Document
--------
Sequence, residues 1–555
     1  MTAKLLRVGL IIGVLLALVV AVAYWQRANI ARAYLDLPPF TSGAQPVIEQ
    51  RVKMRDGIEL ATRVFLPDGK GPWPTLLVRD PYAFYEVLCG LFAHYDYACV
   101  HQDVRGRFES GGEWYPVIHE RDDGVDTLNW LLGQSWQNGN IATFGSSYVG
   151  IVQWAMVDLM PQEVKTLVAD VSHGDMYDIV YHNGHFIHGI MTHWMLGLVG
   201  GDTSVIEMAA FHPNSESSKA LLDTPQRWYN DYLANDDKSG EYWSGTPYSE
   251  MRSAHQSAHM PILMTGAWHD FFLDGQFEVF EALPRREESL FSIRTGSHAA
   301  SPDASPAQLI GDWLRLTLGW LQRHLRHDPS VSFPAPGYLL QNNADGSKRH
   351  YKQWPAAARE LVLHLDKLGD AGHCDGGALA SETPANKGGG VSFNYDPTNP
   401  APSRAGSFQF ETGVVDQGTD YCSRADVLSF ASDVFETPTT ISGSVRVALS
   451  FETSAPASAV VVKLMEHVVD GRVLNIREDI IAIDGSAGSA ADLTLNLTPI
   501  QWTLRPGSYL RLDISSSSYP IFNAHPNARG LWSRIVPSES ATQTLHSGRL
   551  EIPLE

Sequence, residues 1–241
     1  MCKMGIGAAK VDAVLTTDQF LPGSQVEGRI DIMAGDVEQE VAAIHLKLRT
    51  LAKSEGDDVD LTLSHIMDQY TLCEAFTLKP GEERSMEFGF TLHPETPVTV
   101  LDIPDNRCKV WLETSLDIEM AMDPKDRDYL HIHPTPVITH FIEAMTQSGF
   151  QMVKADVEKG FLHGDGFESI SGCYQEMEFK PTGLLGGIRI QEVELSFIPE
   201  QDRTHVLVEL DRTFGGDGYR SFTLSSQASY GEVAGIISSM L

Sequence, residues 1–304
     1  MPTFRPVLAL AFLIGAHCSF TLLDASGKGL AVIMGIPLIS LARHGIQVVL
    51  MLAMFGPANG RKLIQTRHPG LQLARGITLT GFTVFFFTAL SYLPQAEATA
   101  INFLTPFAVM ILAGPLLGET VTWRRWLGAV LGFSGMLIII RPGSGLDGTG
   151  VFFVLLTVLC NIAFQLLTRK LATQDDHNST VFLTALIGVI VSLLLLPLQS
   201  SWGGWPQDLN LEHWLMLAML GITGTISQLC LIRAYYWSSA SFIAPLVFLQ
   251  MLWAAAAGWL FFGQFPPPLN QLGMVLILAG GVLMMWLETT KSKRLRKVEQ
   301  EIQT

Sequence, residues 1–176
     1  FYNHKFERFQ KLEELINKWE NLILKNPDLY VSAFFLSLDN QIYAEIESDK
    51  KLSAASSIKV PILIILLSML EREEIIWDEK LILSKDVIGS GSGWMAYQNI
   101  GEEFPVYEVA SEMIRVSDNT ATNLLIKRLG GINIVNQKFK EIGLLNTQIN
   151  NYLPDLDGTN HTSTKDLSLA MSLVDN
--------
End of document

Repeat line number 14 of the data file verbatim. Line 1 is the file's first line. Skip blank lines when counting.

Sequence, residues 1–241